T he dial-up user’s guide to €1bn plan for high-speed fi­bre

Irish Independent - - Broadband Fiasco News - Adrian Weck­ler

What is the Na­tional Broad­band Plan (NBP)?

It’s a Gov­ern­ment scheme to in­vest over €1bn in lay­ing new fi­bre broad­band lines to large chunks of the coun­try that or­di­nary broad­band op­er­a­tors won’t serve.

What does that mean, ‘new fi­bre broad­band lines’?

It means they re­place your ex­ist­ing phone lines. They’re laid right up to your house. They carry a phone sig­nal and a high-speed broad­band con­nec­tion.

So the Gov­ern­ment is talk­ing about cover­ing all of ru­ral Ire­land with this? Most of it, yes. But also parts of ur­ban Ire­land, too. Any of Ire­land’s 2.3 mil­lion premises (homes and busi­nesses) that get less than 30 megabits per sec­ond speed from their best avail­able in­ter­net provider (like Eir or Sky or Voda­fone), qual­ify. That’s a lot of homes – 540,000 in all. It’s more than a mil­lion peo­ple.

The only ex­cep­tion is a few thou­sand far-flung ru­ral homes, which the Gov­ern­ment says will be con­nected by some sort of wire­less ser­vice. But even that will be way faster than your cur­rent, crawl­ing phone-line in­ter­net.

Is this re­ally high-speed broad­band, though? My provider calls my ser­vice ‘eFi­bre’ and it still takes 20 sec­onds to open an email. Yes. An ac­tual fi­bre broad­band line can de­liver a ba­sic ser­vice that’s at least 10 times the speed of Eir’s fastest phone­line broad­band.

How do I know my house or com­mu­nity is in this area? There’s an on­line map (yes, we’re aware of the irony) you can check. It’s at dc­cae.gov.ie. You put in your Eir­code and it shows you in­stantly whether you’re in the in­ter­ven­tion zone or an area that al­ready has ba­sic broad­band ac­cess.

So why doesn’t the Gov­ern­ment just do this? I’ve been hear­ing about it for years. It’s a truly mas­sive in­fras­truc­tural pro­ject. It has to cover most of the is­land. So in­stead of set­ting up a State agency to do it, the Gov­ern­ment has opted to hold a com­pe­ti­tion (a ‘ten­der’) for a pri­vate com­pany to do it on a 25-year con­tract. For var­i­ous rea­sons, that ten­der has taken a cou­ple of years to put to­gether. It’s also com­pli­cated by the fact the Gov­ern­ment can’t roll out a ser­vice (like broad­band) in an area a pri­vate oper­a­tor (like Eir) says it plans to ser­vice.

So where are we? Is it ready to pro­ceed now?

We’re into the fi­nal weeks be­fore a con­tract de­ci­sion is made. The ini­tial batch of com­peti­tors for the pro­ject, which in­cluded Eir, Voda­fone and the ESB, has been nar­rowed down to one lesser-known bid from Grana­han McCourt.

Eir and the oth­ers pulled out mainly be­cause the tax­payer sub­sidy wasn’t go­ing to be high enough for them.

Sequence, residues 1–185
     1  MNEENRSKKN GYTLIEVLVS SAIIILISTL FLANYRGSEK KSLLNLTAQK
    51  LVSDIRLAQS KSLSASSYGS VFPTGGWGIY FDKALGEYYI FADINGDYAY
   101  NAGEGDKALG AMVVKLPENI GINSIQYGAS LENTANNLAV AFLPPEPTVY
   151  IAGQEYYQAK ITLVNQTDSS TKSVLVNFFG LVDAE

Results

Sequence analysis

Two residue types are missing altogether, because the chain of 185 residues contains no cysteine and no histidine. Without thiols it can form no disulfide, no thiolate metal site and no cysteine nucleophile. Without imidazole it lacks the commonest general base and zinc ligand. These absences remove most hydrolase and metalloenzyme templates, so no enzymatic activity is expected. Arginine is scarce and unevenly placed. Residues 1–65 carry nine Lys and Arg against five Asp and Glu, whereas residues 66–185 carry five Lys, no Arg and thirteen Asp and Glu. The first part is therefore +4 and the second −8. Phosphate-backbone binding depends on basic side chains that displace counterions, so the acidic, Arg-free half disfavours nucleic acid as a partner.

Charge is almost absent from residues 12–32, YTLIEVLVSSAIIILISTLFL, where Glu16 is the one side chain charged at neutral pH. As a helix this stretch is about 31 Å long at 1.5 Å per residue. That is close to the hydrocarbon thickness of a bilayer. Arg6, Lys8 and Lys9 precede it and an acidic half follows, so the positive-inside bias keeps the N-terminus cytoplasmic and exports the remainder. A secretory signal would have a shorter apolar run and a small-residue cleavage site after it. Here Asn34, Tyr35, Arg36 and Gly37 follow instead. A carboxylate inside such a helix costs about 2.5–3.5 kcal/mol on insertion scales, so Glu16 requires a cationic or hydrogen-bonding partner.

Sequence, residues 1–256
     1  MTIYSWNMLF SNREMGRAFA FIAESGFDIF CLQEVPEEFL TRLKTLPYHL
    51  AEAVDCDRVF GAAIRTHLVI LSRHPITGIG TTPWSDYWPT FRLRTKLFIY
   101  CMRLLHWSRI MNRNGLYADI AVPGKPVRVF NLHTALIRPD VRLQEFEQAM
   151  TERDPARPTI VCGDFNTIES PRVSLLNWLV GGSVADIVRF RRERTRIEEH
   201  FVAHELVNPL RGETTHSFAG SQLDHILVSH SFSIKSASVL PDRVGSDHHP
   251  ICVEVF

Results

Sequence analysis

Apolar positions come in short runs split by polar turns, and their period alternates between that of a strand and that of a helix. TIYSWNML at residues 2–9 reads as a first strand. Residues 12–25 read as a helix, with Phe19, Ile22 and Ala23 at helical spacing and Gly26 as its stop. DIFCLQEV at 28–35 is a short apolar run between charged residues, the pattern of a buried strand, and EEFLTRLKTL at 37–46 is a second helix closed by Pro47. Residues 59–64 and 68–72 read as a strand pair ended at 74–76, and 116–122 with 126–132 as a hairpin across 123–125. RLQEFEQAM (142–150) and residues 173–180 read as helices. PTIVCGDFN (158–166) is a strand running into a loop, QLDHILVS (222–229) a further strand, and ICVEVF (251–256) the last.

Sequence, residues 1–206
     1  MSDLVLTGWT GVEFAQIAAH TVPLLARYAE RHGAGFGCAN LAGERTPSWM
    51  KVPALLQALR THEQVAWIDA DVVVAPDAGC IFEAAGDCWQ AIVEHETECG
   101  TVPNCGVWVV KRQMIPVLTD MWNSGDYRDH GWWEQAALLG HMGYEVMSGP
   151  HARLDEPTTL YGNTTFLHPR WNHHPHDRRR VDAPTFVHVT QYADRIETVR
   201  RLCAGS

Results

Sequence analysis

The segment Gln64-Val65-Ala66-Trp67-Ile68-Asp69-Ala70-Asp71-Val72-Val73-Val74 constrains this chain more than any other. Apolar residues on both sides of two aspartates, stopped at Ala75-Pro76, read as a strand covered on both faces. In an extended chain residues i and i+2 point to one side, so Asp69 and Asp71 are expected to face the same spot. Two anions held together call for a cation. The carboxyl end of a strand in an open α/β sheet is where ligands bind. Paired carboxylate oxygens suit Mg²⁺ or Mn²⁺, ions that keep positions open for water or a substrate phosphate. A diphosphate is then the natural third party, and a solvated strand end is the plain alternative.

Who is Grana­han McCourt? A com­pany led by an Ir­ish-Amer­i­can busi­ness­man called David McCourt. His main tele­coms ex­pe­ri­ence is in the US and Mex­ico, while he owned an Ir­ish tele­coms net­work com­pany called Enet for a few years. Enet has a long-term State con­tract to run fi­bre net­works around re­gional Ir­ish towns.

So why is there con­tro­versy about it? Some peo­ple are still un­happy about meet­ings be­tween Mr McCourt and for­mer com­mu­ni­ca­tions minister De­nis Naugh­ten. De­spite an au­dit re­port claim­ing the process wasn’t un­der­mined, op­po­si­tion politi­cians are un­happy about the meet­ings be­cause it’s still not com­pletely known whether the ten­der was dis­cussed.

Is that it?

No. Other than crit­i­cism over the McCourt-Naugh­ten meet­ings, the ba­sic ob­jec­tions to the process now are as fol­lows: :: It’s too ex­pen­sive: some me­dia re­ports claim the fi­nal bill could be as high as €3bn. The re­ports, sourced anony­mously, have been dis­puted by in­dus­try ex­ec­u­tives who say a fig­ure of around €1bn to €1.5bn is more re­al­is­tic. But even this amount is ob­jected to by some, who won­der about the wis­dom of tax­pay­ers sub­si­dis­ing ru­ral broad­band;

:: The main bid­der’s con­sor­tium doesn’t have the sta­tus of Eir or Siro: this is a big ob­jec­tion for Fianna Fáil, which says the Gov­ern­ment should spend more money en­tic­ing Eir or Siro back into the ten­der con­test. But both Eir and Siro say they have no in­ter­est in the pro­ject any­more.

:: There won’t be de­mand: the idea has been floated that ru­ral homes and busi­nesses won’t be that in­ter­ested in high­speed broad­band and that it might be a waste of re­sources. This has also been dis­puted by in­dus­try ex­ec­u­tives.

PHOTO: CLAIRE WOOD

Broad­band supremo: David McCourt is the man be­hind the Grana­han McCourt bid to lay new fi­bre broad­band lines across the coun­try.

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